>> >>     Be that as it may, the basic problem of the modern
> "post-industrial"
>> >> society in the west is that the finance available to the consumers in
>> >> society does not match the finance absorbed by manufacturers producing
>> >> the
>> >> the articles needed for a modern civilization. The present system can
>> >> only
>> >> bridge this gap by increasing the amount of overall indeptedness for
>> >> everyone. An ever decreasing minority become dept free during their
>> >> lifetime, but the remainder of the world's population become ever more
>> >> indepted to the system. Because the creation of "money" ie financial
>> > credit
>> >> lies basically in the hands of private multinational banking 
>> >> monopolies
>> > the
>> >> manipulation of the "money supply" is always directed to benefit those
>> >> monopolies. The recent actions of the Federal Reserve with respect to
> the
>> >> collapse of the Berstein banking group is proof of this. Effectively
> the
>> >> Federal Reserve bailed the Bank out until it could be absorbed by
> another
>> >> banking group at a bargain basement price.
>> >>      Governments are dictated to by the Banking system through the IMF
>> >> and
>> >> World Bank. Only governments that have be fortunate or canny enough to
>> > avoid
>> >> indeptedness to those orgnisations have genuine control over their
>> > destiny.
>> >> The greatest example of this is the USA whose government has been
> forced
>> >> into making every effort to control the flow of oil in the world in
> order
>> > to
>> >> protect the viability of the US dollar as a "reserve currency" used 
>> >> for
>> > the
>> >> purchase and transactions of world oil supplies. The wider needs of 
>> >> the
>> >> US
>> >> people with respect to industrial output etc have been grossly ignored
>> >> resulting in a deskilling and deindustrialisation of the US economy
> with
>> >> consequent reduction in the gross incomes of most US citizens.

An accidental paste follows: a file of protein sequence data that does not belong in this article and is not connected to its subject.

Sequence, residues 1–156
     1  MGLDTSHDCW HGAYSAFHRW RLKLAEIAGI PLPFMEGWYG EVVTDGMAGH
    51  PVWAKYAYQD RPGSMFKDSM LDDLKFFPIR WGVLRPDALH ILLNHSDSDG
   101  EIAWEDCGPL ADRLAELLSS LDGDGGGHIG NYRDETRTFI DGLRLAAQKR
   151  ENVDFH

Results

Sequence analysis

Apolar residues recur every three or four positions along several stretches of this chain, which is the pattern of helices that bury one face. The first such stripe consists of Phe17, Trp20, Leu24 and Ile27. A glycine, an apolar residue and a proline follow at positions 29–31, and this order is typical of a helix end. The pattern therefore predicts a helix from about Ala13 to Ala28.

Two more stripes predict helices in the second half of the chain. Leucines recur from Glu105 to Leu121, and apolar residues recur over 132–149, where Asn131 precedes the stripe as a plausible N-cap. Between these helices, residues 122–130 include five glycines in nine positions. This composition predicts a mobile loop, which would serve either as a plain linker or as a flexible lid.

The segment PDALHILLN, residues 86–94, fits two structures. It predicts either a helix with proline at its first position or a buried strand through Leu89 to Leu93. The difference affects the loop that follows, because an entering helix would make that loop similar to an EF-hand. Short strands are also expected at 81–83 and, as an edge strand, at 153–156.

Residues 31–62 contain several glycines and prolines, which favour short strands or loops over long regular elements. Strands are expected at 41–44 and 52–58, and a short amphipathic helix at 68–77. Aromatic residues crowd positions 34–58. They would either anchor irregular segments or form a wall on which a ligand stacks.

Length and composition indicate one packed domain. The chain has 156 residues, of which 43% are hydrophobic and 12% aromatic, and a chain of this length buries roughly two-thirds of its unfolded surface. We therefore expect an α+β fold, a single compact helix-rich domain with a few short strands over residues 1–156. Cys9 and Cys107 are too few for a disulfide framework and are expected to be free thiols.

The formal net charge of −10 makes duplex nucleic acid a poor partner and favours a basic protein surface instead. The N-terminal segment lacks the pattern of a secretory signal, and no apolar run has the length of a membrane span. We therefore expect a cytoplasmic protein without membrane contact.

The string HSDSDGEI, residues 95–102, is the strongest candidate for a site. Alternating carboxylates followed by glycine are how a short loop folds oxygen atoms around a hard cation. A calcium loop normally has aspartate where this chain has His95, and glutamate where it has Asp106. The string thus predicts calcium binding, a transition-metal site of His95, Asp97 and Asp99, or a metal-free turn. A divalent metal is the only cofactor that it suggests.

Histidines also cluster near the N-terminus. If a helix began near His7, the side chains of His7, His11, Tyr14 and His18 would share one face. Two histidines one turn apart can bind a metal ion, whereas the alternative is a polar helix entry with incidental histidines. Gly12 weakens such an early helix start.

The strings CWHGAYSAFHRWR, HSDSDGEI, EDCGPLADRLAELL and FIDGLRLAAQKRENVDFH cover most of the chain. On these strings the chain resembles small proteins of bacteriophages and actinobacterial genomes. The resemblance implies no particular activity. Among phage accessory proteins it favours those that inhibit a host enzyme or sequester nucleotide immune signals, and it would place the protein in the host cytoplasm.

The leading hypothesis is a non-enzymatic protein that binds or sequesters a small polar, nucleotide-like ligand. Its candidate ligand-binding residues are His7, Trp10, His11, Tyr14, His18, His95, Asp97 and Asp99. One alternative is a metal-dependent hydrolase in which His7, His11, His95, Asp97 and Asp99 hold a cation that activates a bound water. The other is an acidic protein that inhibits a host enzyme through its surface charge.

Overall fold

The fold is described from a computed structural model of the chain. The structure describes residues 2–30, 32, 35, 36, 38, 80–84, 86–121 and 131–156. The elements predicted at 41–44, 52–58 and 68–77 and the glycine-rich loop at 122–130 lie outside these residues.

>> >>      Under the present system the quantity of indeptness has to
> increase
>> > in
>> >> order to maintain the expansion of industrial output necessary to 
>> >> match
>> > the
>> >> needs of an increasing world population. Only some system that can
> supply
>> >> debt free finance can overcome the problem. Our problem is to convince
>> > world
>> >> leaders that this is the only sensible and most profitable way go
>> >> forward.
>> >> Our present system is a dead end towards the collapse of civilisation
> and
>> >> the world economy as we know it. Both of you recognise this basic
> axiom,
>> > now
>> >> we need to find a way to propagate it to the general population.
>> >>         Bill McGunnigle
>> >>
>> >> ----- Original Message -----
>> >> From: "Peter Hogwood" <p_t_hogwood@yahoo.com>
>> >> To: <chdouglas@yahoogroups.com>; <socialcredit@elistas.com>
>> >> Sent: Saturday, March 22, 2008 4:40 AM
>> >> Subject: [socialcredit] Re: [chdouglas] Re: I await your answers to my
>> >> questions (was: Re: Public-spirited Banking (was: Re: The Abolition of
>> >> Interest on Loans))
>> >>
>> >>
>> >> > But this reply of yours does not respond to what I had
>> >> > asked. I had asked, in effect, why cannot profit be
>> >> > calculated in a non-creditary system? I proved that it
>> >> > CAN be.
>> >> >
>> >> > You did not answer the question I had asked, while I
>> >> > demonstrated that what you claimed - namely that
>> >> > profit cannot be calculated in a non-creditary system
>> >> > - was false. Please answer the question I had asked!
>> >> > -----------------------------------------------
>> >> >
>> >> > [Reply]  No, you didn't prove that.  You gave a single
>> >> > isolated example of where a chariot that cost ten
>> >> > denarii to produce was sold for twelve denarii.
>> >> > Isolated examples are always possible in exception to
>> >> > the general rule.
>> >> >
>> >> > Start with the assumption of a fixed number of gold
>> >> > coins that support the entire volume of trade and
>> >> > commerce.  If the population is increasing and the
>> >> > number of firms and transactions are increasing, it
>> >> > has to be the case that, as a matter of statistics and
>> >> > averages, that each individual firm is always
>> >> > receiving back fewer gold coins than it is spending,
>> >> > that, again as a matter of statistics and averages,
>> >> > that each individual firm is booking continuously a
>> >> > loss by any conceivable system of accounting.
>> >> >
>> >> > You could imagine that there is a gold mining industry
>> >> > that is supplying gold coins to the community.  It
>> >> > spends gold coins for goods and services from the
>> >> > remainder of the community, and loans gold coins to
>> >> > non-mining firms so they can conduct their business.
>> >> > It follows that trade and commerce would be limited to
>> >> > the number of gold coins that the mining industry
>> >> > could supply, regardless of the real needs of trade
>> >> > and commerce in an otherwise growing economy.  The
>> >> > economy would be severely constrained by the
>> >> > limitations of finance.
>> >> > -
>> >> >